If you cannot keep up with this schedule when they are small or if you live in an area with limited outdoor space, consider paper training or using puppy pee pads to train them at first. As the frequency of their urination goes down, it may be more realistic to venture outdoors every time to meet their needs.
Whether your pup starts by going outdoors every time or going outside sometimes and using puppy pee pads at other times, keep their schedule consistent. This consistency will train them that it is time to relieve themselves. Reinforce good habits with treats and plenty of praise.
Puppies can take weeks or several months to catch on. What do you need to prepare for a puppy? When it comes to housetraining, the answers are patience and consistency. Expect accidents, thoroughly clean them up, and stick to your daily routine.
Prepare Your Backyard and Landscaping
There are obvious ways to prepare your backyard for your new puppy and not-so-obvious ways. So what do you need to prepare for a puppy, particularly when it comes to your landscaping and backyard?
Start with the obvious. You need a fence, and one that is sturdy and reliable — without any weak points that may allow your puppy to dig it up or burrow into the ground. If you own a pool, purchase a safety barrier or pool fence. While it is possible that you may ultimately teach your dog how to swim, few puppies master these skills right away.
Then move on to the not-so-obvious. Pests, like rodents, bees, mosquitos, and flies, pose a hazard to your dog, too. Contact a trusted professional about rodent removal. Remember, rodents leave nests and droppings behind, and mice have the potential to carry and spread more than 35 different diseases, according to the Centers For Disease Control and Prevention (CDC). Non-toxic yard treatment options, like shrub spraying, can also help adequately prepare your home for your pup. Doing so may help eliminate pests like mosquitos, which can leave your puppy with debilitating or even life-threatening anemia.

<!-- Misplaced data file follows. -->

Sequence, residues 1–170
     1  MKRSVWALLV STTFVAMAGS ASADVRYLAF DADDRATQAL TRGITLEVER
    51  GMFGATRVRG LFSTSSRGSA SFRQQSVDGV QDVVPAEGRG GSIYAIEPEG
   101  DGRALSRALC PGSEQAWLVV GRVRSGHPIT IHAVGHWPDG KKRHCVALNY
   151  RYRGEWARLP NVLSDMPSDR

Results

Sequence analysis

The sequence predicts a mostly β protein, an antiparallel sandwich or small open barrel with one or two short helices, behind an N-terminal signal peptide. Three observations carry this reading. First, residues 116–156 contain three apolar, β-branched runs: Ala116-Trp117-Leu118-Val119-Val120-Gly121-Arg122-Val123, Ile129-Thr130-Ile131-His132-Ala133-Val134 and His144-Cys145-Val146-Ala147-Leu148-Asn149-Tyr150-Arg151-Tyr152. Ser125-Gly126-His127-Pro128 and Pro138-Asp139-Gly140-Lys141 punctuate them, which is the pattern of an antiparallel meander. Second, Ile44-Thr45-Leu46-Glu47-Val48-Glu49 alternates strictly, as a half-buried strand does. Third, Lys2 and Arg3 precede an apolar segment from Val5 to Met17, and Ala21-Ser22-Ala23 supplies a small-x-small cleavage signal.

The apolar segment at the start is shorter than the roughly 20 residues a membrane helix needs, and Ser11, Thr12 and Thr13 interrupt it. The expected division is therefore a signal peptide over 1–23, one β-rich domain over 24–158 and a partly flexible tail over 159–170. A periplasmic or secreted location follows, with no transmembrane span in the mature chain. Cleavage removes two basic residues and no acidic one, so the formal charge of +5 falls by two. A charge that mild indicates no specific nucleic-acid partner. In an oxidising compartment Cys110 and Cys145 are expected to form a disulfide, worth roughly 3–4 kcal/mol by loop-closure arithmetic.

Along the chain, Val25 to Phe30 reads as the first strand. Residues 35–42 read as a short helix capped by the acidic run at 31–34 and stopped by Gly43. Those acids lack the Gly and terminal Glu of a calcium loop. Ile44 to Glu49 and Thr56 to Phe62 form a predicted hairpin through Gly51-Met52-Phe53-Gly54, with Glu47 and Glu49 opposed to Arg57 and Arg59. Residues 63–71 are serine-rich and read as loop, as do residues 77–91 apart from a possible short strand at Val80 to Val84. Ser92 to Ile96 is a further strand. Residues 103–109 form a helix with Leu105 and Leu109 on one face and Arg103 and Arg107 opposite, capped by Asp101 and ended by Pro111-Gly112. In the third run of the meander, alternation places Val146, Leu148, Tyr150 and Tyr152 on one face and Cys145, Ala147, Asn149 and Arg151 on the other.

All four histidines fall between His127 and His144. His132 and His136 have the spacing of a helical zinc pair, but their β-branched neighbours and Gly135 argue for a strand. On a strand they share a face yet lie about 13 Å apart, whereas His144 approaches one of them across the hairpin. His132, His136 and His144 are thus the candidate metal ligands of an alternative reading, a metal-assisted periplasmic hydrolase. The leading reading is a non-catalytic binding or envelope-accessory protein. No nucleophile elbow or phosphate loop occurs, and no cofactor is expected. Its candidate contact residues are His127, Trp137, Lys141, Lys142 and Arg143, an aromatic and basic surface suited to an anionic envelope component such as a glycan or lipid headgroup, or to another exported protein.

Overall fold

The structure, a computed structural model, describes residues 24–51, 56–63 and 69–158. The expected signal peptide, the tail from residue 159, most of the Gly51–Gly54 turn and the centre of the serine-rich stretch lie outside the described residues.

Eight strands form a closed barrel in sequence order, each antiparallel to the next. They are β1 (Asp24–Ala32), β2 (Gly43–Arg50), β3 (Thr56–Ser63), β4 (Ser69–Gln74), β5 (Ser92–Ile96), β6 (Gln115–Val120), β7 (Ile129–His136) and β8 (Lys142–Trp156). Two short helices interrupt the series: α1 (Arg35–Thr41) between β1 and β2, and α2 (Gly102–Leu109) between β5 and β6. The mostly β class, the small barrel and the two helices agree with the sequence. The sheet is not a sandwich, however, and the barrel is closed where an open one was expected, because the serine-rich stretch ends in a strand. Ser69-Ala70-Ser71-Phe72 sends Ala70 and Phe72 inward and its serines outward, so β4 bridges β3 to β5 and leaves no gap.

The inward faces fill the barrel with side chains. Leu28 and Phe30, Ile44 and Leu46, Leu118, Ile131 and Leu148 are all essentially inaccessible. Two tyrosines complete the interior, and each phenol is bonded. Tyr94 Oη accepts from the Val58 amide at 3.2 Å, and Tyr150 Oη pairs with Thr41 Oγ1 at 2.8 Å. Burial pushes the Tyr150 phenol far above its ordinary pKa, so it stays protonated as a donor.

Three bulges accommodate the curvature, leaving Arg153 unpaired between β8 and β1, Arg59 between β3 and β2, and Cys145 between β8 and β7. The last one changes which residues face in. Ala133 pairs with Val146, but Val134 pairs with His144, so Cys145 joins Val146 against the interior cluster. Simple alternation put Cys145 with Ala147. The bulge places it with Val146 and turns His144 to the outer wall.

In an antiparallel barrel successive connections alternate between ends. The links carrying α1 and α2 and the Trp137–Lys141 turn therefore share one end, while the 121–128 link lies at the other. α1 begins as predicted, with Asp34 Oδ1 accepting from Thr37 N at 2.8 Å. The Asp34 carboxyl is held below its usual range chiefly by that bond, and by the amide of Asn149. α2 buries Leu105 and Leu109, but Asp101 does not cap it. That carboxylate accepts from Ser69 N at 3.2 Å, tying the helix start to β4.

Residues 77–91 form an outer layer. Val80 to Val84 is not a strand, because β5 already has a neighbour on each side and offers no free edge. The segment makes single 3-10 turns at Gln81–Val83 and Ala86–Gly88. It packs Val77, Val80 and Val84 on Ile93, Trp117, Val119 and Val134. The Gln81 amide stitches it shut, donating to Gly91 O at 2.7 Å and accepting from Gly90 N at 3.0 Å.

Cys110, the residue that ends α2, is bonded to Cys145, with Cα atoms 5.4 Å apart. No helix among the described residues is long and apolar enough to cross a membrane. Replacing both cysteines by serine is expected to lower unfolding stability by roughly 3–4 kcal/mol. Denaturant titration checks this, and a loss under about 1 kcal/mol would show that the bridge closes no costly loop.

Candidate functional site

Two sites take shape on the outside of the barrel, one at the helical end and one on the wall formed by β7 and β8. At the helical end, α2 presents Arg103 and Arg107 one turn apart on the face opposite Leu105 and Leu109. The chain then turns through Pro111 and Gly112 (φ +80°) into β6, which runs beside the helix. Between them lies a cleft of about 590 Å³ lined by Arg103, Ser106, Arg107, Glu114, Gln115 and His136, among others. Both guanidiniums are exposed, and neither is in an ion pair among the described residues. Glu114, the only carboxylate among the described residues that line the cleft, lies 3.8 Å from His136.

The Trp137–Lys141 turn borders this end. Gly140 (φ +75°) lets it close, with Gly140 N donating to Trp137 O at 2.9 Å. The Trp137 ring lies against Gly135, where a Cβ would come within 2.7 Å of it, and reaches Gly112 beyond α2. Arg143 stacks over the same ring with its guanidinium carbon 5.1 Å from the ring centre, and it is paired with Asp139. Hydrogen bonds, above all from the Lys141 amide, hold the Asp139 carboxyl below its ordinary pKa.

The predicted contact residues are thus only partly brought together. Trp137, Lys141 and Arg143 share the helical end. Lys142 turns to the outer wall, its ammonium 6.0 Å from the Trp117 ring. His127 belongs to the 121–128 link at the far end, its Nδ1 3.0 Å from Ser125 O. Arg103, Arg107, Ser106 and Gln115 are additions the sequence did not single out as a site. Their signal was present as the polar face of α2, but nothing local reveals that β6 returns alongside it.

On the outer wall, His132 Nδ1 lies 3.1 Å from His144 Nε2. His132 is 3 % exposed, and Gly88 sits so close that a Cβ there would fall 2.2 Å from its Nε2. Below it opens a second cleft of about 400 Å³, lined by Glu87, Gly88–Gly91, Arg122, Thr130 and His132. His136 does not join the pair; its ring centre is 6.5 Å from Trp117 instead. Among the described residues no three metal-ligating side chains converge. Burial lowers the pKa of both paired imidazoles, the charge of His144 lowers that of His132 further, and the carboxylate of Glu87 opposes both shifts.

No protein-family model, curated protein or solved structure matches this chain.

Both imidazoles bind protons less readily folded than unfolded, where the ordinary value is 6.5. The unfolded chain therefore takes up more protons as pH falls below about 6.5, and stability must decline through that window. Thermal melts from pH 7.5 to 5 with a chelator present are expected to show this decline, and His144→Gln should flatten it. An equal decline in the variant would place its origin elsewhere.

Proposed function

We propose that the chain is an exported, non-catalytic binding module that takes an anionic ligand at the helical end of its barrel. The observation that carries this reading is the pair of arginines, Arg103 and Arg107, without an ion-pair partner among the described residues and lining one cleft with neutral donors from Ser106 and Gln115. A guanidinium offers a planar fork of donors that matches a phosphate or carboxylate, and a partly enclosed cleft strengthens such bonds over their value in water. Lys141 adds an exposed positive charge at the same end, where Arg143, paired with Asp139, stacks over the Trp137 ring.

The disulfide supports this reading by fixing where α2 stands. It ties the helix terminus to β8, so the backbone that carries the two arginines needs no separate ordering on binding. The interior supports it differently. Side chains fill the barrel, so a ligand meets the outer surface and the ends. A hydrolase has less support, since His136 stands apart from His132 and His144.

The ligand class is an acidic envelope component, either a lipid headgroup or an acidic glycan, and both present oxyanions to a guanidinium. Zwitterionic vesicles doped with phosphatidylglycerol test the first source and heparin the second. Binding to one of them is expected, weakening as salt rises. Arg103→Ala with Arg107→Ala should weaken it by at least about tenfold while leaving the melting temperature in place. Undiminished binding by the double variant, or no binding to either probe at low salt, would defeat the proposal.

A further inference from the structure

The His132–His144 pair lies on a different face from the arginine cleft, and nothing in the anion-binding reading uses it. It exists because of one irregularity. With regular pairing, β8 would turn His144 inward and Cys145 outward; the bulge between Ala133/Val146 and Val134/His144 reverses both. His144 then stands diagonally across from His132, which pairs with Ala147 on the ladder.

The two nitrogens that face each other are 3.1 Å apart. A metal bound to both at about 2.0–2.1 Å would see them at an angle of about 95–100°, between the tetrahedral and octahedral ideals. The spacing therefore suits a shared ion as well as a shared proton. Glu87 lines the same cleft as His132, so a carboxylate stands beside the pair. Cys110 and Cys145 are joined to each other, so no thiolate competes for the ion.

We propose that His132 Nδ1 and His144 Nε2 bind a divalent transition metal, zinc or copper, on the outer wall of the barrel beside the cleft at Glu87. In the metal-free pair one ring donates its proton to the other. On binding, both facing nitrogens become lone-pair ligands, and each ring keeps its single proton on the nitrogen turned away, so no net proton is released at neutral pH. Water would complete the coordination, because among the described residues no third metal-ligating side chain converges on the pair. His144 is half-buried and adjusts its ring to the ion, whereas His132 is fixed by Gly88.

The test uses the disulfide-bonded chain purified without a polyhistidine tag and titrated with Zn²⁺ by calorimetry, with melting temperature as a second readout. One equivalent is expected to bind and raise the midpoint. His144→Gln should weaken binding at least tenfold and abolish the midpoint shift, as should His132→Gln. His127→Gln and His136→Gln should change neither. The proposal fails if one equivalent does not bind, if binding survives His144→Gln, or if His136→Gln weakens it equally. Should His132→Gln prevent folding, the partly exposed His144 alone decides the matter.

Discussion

Ensure Your Pup’s Comfortable and Safe When No One Else Is Home
What do you need to prepare for a puppy? Don’t forget about your dog’s comfort. It can be especially challenging to ascertain that your puppy is comfortable when you are not at home. To ensure your pup’s comfort and safety:
- Crate train. Think of crate training like homeowners insurance. Crate training will proactively ensure that your puppy does not do major damage to your home while you are away. Even better, crate training keeps puppies contained and safe while you are out of the house as well.
- Contact HVAC services. Pets can be sensitive to temperature. One of the most important answers to the question “What do you need to prepare for a puppy?” is a safe and temperate home. Contact HVAC services about installing programmable thermostats to manipulate indoor temperature when you are not home. That way, you can ensure that your puppy is always safe — and not at risk for overheating.
Go Over Safety Rules With Your Family
As with house training, it is absolutely critical to be consistent when it comes to safety and training your puppy. Sit down and have a family meeting to ensure that you are all on the same page. Decide where your puppy will and will not be allowed to go, and set limits on appropriate horseplay. While some owners encourage play fighting, tread carefully. Letting some behaviors go may result in consulting with a dog bite attorney. Teach puppies to be gentle, to play only, and never to play-bite other dogs’ necks.
There are a lot of things to consider when adopting a pet. Ask yourself, “What do you need to prepare for a new puppy?” Make sure your house is clean, hazardous items are put away, safety rules are established, and you are stocked up on the necessities, like food and puppy pads.